Obsessive compulsive disorder - OCD treatment and therapy from NOCD
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Pedophilia Theme, False-Memory, Real-Event

Debilitated by OCD before I found ERP

By Ian Seaholm

I remember as a child worrying about getting AIDS. I had seen this on the news. I would get a sliver and worry I was going to catch AIDS. I would run to my mom and get reassurance that I didn’t actually infect myself. I suppose that there were always these little signs as I grew up of something brewing. 

Changes at work led to an episode

I was working as a police officer at the police department. In 2019 I was promoted to patrol sergeant which was a supervisor role. This would lead me to change my shift at work. I was away from my family more because of this. My entire life changed drastically. The change brought a lot of stress. The new position itself was stressful. I was now a more formal role model to the younger officers who worked under my watch. This started to really get to me.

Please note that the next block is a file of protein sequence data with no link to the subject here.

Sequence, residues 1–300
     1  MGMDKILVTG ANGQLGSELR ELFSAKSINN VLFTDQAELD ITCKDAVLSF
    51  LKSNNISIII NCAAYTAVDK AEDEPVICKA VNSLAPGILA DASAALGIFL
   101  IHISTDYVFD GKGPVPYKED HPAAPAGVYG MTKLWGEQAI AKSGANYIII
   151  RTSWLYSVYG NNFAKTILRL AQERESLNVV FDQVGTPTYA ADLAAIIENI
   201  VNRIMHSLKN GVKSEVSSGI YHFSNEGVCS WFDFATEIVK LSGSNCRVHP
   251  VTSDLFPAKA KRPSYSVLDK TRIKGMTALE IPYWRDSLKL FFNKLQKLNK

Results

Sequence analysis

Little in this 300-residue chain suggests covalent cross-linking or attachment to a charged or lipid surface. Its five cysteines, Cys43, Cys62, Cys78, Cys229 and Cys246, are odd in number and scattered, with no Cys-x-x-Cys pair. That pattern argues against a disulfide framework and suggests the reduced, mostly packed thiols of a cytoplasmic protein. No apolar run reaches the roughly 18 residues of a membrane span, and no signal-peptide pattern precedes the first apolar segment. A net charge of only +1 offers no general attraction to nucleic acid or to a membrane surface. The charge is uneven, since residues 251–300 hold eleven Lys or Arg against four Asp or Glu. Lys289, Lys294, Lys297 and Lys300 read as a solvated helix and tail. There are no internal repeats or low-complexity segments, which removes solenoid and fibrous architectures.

I began to overthink everything. Did I say something inappropriate? I worried that I would get into trouble. I feared that they would make complaints about me. 

I started to have what I now know is real-life event OCD. I catastrophized every mistake or potential mistake I thought I had made. I remembered that about 15 years ago I lied to a police officer when I was in an accident. This was before I became a police officer myself. It was so long ago. It hadn’t bothered me before. Suddenly it felt so wrong and so awful. I ended up going to a supervisor who shrugged it off as nothing, he said it made no difference now. But still, the intrusive thoughts lingered, was I wrong? Did I break the law? The same day I “confessed” this to my supervisor I was able to be seen by an EAP counselor through my work. Unfortunately, the EAP counselor said I had no issues. I was in a state of crisis and this professional didn’t recognize it. They weren’t trained in OCD. I went to the chief, still feeling like I had done something terribly wrong all those years ago. I received the same nonchalant response.